The question I’ve been asking all week is why Democrats think criticizing Trump for nominating Amy Coney Barrett is either a). helpful or, more importantly, b). accurate. Trump was running for President at the time and not responsible for the nonsense and hypocrisy of Mitch McConnell. I suppose the “all GOPers are hypocrites” trope is an attempt to paint Trump as guilty by association, but that seems like an odd gamble because someone finds 1 time yesterday or 60 years ago when someone in the Party wasn’t a hypocrite and you appear to lose the entire argument. Seems like weak politics by the Left, per usual.
This one is not Trump’s fault or Trump’s problem. That said, Trump is also aware that his nominee is going to be up against every political tool and tactic in the book based on how the Senate has orchestrated these battles. The Right blames Harry Reid over lower level federal judges years ago. The Left blames Mitch McConnell over the nomination of Merrick Garland in 2016. Both are right.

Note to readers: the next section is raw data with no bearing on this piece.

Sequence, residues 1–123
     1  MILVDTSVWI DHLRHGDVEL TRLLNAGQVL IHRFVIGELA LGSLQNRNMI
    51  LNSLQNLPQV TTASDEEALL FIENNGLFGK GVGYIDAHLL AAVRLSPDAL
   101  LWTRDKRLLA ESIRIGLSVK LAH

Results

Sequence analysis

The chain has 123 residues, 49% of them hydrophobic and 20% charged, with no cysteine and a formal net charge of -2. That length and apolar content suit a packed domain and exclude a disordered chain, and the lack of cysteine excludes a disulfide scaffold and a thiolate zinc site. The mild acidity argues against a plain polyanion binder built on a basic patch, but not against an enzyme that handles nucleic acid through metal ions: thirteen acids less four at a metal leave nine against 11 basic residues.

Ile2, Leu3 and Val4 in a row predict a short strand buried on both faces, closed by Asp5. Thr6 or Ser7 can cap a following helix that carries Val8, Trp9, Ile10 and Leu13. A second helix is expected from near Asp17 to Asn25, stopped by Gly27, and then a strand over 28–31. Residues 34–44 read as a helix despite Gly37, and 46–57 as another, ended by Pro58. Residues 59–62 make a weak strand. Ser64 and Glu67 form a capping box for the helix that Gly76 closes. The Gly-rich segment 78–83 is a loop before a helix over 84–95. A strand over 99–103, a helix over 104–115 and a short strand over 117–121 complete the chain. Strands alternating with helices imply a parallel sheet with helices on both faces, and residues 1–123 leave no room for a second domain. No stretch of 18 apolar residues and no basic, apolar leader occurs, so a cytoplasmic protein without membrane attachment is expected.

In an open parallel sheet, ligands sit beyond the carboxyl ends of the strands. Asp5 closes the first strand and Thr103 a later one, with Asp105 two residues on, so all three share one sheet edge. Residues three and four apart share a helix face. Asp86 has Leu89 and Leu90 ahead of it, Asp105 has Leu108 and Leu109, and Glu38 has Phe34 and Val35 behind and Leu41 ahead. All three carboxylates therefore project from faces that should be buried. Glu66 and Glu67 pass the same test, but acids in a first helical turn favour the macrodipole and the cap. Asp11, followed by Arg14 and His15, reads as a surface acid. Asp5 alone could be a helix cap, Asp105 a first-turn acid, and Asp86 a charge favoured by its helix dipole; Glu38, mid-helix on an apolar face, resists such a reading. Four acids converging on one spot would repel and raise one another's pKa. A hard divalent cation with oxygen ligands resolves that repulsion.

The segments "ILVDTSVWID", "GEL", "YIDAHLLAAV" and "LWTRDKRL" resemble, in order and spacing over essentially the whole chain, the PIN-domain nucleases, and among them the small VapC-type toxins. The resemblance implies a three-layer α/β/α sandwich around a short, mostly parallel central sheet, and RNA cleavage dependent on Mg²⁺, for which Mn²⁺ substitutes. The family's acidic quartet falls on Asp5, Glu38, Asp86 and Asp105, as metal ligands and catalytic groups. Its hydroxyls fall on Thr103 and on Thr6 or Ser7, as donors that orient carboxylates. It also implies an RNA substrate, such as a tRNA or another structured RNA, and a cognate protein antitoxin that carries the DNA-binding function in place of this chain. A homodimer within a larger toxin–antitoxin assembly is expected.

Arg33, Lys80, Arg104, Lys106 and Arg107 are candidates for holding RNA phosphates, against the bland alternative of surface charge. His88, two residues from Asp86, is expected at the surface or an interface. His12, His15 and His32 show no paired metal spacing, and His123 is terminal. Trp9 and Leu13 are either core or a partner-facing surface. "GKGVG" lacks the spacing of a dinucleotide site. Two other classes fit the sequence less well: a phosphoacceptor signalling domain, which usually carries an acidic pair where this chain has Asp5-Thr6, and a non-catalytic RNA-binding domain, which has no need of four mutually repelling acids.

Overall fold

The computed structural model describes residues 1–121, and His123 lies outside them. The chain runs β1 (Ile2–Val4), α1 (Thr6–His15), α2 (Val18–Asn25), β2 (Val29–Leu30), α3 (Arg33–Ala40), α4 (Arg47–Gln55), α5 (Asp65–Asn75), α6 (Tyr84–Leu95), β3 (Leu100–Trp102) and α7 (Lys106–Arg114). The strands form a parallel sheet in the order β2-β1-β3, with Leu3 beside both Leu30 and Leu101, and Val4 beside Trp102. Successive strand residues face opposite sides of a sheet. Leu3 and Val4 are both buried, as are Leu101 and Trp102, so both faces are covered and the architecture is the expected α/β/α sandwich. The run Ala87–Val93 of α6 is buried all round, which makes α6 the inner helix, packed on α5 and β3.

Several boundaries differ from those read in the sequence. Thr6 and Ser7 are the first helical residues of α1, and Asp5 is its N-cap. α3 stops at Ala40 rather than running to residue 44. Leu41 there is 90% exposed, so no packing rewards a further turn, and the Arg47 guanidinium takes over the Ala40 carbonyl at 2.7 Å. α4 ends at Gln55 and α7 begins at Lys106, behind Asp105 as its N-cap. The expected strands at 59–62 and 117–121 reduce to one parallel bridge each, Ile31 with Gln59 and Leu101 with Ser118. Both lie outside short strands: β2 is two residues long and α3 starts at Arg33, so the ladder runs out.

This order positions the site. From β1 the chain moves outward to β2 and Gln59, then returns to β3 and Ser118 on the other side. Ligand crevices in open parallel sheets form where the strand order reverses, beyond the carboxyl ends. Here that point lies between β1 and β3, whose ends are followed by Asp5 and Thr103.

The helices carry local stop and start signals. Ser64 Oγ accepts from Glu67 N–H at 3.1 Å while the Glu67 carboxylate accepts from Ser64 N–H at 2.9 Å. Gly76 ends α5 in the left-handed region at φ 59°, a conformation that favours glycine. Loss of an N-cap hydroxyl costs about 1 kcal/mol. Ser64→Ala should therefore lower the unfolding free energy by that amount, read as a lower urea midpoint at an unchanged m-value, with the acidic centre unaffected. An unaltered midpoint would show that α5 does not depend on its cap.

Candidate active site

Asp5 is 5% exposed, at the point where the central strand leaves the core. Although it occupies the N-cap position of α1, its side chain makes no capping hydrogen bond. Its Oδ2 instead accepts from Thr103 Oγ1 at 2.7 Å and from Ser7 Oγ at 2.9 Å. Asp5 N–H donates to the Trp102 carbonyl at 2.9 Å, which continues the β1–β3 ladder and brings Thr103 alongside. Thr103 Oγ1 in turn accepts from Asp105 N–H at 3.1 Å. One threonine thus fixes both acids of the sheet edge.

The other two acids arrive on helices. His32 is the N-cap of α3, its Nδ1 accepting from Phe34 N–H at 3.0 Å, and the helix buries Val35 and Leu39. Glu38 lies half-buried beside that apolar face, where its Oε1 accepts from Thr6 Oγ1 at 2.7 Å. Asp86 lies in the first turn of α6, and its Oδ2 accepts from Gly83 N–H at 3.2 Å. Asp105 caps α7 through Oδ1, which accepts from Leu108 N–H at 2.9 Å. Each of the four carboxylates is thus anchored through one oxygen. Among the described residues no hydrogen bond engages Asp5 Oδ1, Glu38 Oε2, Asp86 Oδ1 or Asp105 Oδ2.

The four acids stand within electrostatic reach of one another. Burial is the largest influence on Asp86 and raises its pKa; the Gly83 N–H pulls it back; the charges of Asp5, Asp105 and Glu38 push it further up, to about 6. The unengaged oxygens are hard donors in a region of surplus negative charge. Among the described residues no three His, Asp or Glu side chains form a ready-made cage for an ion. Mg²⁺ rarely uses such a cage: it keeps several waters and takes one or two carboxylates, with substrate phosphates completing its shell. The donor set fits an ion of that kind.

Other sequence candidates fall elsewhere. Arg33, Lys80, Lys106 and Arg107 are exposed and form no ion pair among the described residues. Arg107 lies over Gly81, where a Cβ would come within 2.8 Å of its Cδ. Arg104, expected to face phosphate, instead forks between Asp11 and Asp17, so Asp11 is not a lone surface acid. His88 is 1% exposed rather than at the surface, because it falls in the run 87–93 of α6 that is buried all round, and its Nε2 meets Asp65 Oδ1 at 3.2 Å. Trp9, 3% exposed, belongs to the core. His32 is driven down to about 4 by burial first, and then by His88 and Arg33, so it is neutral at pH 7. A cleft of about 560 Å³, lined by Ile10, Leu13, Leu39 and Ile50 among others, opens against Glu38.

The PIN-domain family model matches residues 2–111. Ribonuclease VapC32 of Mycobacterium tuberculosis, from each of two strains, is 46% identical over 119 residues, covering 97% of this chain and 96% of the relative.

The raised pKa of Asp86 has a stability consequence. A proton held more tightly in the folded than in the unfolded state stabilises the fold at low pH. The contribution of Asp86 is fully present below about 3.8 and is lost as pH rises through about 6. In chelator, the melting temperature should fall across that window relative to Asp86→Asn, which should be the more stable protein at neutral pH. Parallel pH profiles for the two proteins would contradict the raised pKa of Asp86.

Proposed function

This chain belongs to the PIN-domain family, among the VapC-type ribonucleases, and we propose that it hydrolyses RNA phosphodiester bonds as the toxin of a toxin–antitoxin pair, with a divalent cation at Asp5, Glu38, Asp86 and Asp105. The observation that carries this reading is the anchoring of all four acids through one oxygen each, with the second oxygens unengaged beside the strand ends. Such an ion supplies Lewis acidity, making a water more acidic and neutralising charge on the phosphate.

That’s my whole point. The Senate has so lost sight of it’s role and Article 1 power that it interferes with not just balance of power in the Constitution but also reality. Somehow folks on the Right have decided that Merrick Garland somehow wasn’t or isn’t qualified for the Court but Ms. Coney Barrett is. More nonsense.
If Ms. Coney Barrett is such a shoo-in, without even asking her any questions yet, then surely Mr. Garland was too. The point is — ASK the questions, have the vote.
The travesty that Mr. Garland was not able to have a hearing and a vote. Perhaps he still would have lost, but it would have been a much different conversation today. I think some would say that there’s no point in having the hearings and vote if you already know the outcome but that drastically underestimates process and context. There are times when process only is fairness, regardless of outcome.